Extension Homemakers Program Provides Members with Education and Leadership Development

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Fast facts
· Arkansas EHC has more than 3,700 members
· Arkansas EHC members have provided more than 700K volunteer hours
· Volunteer work valued at more than $16 million

The Arkansas Extension Homemakers began life in 1912 as Home Demonstration Clubs. The clubs, organized by the Cooperative Extension Service, were essential for disseminating critical information for managing family resources and food safety at a time when many rural households were isolated by distance; and without modern tools such as electricity or phone service, or access to libraries or other sources of life-saving knowledge.

Nationally, AEHC is affiliated with the National Volunteer Outreach Network. Internationally, AEHC is part of the Associated Country Women of the World. “Arkansas Extension Homemakers has been around for 107 years, and for the organization’s whole history, has quietly worked to improve the lives of all Arkansans today as it has for more than a century,” said Laura Hendrix, associate professor for the University of Arkansas System Division of Agriculture. “The thousands of members of this organization put in hundreds of thousands of hours of volunteer work every year. We are proud of the contributions they make to their communities and the state as a whole.”

During fiscal 2018-2019, the most recent period for which statistics are available, Extension Homemakers reported giving 707,960 hours of volunteer service. Those at the Capitol will be representing the more than 3,775 members of the Arkansas Extension Homemakers Council from 324 clubs.

Since its start in 1912, the Extension Homemakers/Home Demonstration program has been ongoing in Arkansas, providing its members with education and leadership development and service to the communities in which the clubs are located. Through the years, the program has helped victims of the great Mississippi River Flood of 1927, promoted vaccination programs and provided tools to help young children communicate what ails them to health professionals.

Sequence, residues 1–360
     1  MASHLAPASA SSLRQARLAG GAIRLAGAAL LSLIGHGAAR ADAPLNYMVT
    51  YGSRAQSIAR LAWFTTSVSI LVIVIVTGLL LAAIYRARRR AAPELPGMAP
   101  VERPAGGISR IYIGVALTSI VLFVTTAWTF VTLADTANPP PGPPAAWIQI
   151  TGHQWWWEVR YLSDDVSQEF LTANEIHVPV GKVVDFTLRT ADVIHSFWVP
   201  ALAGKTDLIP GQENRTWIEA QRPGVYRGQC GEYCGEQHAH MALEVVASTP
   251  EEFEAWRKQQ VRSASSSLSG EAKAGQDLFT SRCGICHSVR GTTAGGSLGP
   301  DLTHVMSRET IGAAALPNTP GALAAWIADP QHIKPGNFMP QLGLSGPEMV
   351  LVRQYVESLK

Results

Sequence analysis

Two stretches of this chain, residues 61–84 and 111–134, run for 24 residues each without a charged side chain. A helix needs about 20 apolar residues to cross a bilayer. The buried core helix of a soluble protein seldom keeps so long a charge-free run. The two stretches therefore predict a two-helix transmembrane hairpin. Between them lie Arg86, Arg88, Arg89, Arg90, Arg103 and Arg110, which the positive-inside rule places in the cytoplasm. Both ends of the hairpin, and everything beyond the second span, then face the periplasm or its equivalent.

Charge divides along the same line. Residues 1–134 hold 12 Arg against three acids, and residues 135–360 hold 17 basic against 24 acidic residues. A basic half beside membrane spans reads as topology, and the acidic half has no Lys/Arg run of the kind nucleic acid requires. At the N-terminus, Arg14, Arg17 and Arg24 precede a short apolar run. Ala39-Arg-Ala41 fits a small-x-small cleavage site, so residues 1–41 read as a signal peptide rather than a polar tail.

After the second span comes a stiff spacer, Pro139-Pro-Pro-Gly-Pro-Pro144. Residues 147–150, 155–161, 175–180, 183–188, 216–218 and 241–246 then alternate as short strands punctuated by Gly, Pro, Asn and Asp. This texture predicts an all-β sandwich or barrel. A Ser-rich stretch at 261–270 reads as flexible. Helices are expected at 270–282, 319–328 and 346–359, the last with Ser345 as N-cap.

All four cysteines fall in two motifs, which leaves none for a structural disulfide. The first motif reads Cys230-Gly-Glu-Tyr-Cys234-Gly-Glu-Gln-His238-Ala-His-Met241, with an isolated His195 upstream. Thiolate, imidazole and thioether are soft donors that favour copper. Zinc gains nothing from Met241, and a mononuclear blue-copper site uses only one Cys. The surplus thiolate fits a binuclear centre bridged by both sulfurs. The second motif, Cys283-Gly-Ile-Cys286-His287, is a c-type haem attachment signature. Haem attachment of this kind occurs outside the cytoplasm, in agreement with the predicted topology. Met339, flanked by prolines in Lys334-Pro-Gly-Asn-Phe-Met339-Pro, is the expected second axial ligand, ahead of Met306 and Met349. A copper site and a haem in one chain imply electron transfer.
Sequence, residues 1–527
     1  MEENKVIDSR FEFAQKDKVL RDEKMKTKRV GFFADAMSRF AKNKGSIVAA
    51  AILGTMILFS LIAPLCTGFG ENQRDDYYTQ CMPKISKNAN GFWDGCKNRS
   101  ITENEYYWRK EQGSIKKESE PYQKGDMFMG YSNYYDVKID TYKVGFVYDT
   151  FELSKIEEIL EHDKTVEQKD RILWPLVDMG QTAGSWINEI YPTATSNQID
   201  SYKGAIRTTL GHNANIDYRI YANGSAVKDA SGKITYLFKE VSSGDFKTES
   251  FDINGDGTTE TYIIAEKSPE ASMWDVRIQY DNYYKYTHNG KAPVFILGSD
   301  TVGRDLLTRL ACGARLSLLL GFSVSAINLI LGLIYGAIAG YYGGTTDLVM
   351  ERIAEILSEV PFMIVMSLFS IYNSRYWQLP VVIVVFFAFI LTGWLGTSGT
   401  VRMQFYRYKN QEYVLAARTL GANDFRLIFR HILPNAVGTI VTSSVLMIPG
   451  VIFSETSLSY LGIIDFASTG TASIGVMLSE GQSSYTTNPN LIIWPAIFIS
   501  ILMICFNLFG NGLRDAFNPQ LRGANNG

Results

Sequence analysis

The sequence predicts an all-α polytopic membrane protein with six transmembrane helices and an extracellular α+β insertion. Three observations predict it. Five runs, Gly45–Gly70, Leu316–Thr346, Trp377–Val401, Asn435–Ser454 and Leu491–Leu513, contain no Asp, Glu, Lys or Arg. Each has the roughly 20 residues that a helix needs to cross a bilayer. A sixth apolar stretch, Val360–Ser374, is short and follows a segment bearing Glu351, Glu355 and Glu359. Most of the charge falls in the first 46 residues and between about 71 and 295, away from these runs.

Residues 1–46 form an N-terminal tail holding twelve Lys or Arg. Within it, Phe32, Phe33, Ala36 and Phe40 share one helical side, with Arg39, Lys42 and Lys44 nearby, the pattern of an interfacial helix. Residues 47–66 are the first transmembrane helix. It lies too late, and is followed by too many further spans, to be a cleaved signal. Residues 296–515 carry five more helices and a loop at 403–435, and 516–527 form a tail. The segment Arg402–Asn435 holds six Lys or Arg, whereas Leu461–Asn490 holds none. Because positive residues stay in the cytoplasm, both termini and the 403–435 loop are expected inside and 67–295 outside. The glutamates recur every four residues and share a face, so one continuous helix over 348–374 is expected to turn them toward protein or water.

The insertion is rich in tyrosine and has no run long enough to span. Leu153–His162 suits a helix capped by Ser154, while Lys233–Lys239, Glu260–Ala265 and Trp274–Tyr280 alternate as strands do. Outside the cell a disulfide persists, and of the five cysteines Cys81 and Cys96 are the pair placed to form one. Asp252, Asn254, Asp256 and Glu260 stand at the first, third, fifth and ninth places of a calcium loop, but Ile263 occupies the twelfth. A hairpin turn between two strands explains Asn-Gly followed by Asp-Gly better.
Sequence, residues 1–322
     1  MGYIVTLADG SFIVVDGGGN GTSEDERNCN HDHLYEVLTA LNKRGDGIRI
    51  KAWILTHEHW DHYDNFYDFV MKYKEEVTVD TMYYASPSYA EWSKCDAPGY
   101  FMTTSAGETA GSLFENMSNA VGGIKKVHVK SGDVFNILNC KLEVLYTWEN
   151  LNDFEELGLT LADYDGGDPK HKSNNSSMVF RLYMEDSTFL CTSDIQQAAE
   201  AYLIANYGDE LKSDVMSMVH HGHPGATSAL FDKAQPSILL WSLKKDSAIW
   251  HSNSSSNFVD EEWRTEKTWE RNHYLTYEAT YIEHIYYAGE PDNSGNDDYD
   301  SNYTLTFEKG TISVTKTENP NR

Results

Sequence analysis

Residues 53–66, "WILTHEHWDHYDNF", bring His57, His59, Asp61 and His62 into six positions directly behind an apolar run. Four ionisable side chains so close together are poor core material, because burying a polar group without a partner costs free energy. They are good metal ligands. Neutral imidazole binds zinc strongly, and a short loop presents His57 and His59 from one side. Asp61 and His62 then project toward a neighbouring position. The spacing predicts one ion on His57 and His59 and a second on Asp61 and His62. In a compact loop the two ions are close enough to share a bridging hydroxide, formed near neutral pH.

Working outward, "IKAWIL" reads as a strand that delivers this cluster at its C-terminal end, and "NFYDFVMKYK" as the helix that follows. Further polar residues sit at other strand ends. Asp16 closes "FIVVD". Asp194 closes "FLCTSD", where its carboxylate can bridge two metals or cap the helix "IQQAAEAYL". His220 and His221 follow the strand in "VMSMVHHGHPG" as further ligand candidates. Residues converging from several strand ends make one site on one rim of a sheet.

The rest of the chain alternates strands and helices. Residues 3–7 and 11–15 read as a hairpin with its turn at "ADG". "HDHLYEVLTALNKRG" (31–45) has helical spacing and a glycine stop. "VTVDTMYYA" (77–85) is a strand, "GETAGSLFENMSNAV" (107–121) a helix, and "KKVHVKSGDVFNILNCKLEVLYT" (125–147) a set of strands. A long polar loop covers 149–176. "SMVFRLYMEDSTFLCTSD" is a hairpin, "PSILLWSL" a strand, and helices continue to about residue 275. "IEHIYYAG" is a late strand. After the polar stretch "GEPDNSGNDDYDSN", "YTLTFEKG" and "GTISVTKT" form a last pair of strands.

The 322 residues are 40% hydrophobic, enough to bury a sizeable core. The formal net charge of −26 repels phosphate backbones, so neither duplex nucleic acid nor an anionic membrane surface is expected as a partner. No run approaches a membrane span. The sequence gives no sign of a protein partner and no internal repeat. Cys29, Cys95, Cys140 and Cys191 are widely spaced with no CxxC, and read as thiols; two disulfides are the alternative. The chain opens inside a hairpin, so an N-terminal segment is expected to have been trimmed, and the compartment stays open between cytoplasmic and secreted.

About the Division of Agriculture: The University of Arkansas System Division of Agriculture’s mission is to strengthen agriculture, communities, and families by connecting trusted research to the adoption of best practices. Through the Agricultural Experiment Station and the Cooperative Extension Service, the Division of Agriculture conducts research and extension work within the nation’s historic land grant education system.

The Division of Agriculture is one of 20 entities within the University of Arkansas System. It has offices in all 75 counties in Arkansas and faculty on five system campuses.
Extension Homemakers Clubs in Sebastian County:
Cavanaugh –
President: Mel Santos
Meeting time and place:
Third Wed.,
10 a.m., Creekmore Park,
3301 S. M Street, Fort Smith

Fort Smith Central –
President: Shirley Hamilton
Meeting time and place:
Third Thurs.,
10 a.m., Farmers Bank,
227 Fort Street, Barling

Good Neighbors –
President: Gwen Woodhull
Meeting time and place:
First Thurs.,
10:30 a.m., Jenny Lind
Baptist Church,
1910 Gate 9 Road, Greenwood

Dayton –
President: Donna Lindgren
Meeting time and place:
First Thurs.,
6:30 p.m., Dayton Community Building,
2229 E. Highway 252, Huntington

Excelsior –
President: Paula Resch
Meeting time and place:
Third Thurs.,
10 a.m., Farmers Bank Com. Room,
71 W. Center St., Greenwood

Are you interested in becoming an AEHC member, but the current clubs do not work for you? We can start a new club at your nursing home, assisted living, or any other location! Please contact your FCS Agent, Shaw nee Tichenor, for more information at 479-484-7737!

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